When you Buy a Franchise Pretend Youíre Selling It in Five Years
by Ed Teixeira
When individuals purchase a franchise most will plan on selling the
franchise at some future date or operate it until their children can take it
over. Iíve encountered some individuals who plan on operating the franchise for
the long term until retirement. If youíre considering buying a franchise a good
approach to take is to plan on selling the franchise as part of your analysis.
Learn why this strategy can be helpful.
When evaluating a franchise opportunity it might be useful to consider: What if
I wanted to sell the franchise in five years? This scenario may not be your
actual objective, however, it can change the way you evaluate and consider a
specific franchise opportunity. It can create a sense of urgency and a timeline
that will emphasize certain aspects of the franchise. Private equity funds and
venture capital firms take a cautious look into potential businesses they might
invest in. The reason is because they want a return for their investors in a
period of 3 to 5 years. This benchmark requires them to evaluate an investment
opportunity with a critical eye. You can use this same approach, although you
may not have the benefit of Ivy League MBAís to perform the analysis.
In addition to the questions and areas that ought to be a part of any
franchise evaluation lets place a bit more emphasis on the following areas:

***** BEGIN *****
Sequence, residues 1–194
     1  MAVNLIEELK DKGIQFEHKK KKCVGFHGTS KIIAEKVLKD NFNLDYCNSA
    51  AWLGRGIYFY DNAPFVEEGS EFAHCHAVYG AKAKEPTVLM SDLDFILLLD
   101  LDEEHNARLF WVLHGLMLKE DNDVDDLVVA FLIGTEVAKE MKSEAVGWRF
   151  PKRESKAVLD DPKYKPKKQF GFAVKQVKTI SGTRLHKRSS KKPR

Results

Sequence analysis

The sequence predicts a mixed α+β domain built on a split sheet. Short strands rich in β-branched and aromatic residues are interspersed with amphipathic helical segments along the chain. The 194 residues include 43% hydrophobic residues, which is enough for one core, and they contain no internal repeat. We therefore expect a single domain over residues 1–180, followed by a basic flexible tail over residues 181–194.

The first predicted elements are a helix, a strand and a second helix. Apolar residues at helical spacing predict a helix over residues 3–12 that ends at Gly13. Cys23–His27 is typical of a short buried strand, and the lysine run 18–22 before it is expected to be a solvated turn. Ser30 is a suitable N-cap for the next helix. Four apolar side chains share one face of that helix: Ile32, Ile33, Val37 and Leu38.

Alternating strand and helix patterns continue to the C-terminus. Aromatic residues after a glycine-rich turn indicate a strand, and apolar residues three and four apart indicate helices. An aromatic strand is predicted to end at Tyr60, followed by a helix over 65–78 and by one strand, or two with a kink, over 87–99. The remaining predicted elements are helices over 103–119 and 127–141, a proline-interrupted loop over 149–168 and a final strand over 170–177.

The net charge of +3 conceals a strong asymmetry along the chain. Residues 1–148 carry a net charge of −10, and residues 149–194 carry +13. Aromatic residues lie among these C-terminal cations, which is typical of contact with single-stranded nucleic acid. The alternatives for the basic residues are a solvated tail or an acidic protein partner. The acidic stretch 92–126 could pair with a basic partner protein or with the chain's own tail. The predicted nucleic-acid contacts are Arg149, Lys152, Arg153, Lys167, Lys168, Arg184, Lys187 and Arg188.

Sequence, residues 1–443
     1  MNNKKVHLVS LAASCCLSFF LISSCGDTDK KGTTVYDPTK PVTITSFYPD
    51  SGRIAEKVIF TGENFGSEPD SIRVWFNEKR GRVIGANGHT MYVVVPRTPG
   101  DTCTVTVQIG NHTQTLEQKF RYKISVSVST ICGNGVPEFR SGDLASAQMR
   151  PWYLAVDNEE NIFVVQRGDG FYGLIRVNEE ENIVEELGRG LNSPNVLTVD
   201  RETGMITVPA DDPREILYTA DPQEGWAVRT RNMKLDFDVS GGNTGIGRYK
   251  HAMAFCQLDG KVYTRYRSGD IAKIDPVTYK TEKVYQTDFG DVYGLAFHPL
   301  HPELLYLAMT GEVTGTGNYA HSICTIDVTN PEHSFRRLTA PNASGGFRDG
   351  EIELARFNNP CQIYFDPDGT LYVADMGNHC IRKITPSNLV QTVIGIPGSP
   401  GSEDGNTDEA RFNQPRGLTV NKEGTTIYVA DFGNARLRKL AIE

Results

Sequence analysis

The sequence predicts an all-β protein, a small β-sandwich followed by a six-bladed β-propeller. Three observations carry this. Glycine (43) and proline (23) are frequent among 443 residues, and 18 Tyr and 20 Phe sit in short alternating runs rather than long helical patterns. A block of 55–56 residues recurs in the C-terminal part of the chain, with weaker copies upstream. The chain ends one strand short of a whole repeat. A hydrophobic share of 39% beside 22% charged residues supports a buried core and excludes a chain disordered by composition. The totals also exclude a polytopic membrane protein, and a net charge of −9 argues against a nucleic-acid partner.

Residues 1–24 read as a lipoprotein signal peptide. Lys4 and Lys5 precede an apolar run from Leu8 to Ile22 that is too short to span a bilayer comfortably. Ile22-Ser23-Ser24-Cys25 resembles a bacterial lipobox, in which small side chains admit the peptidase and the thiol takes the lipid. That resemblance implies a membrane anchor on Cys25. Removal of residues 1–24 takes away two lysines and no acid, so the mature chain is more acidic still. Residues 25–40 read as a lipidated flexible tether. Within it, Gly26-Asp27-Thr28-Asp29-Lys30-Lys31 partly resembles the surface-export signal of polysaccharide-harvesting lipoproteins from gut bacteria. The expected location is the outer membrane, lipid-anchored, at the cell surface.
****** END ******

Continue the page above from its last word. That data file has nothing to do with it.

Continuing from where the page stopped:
- How quickly will the franchise reach profitability? A key
item in any evaluation, however, in this case itís key.
- Is the franchisor stable with a consistent track record of
success? Has the franchise experienced some variability in its
growth and performance?
- Is there little or no franchisee litigation?
- Does the brand have good market penetration? Is the
franchise well positioned in specific markets or dispersed in
various markets. Strong franchise concepts like Panera Bread
require a minimum of three franchise locations in a market.
- Does the franchise leadership possess sustainable visionary
skills and leadership? As a franchise system grows franchisor
leadership must be capable of administering this growth.
- Does the franchisor have a strong balance sheet and a record
of consistent income?
When evaluating a franchise opportunity it can be useful to establish a timeline
for operating the franchise. Although this may not be your actual objective it
can lead you to evaluate a franchise opportunity in a different way. This
evaluation can be more critical but the result may raise your potential for
success and lower your risk of failure.
© 2011 FranchiseKnowHow, LLC
Ed Teixeira is the President of FranchiseKnowHow, LLC. He can be reached at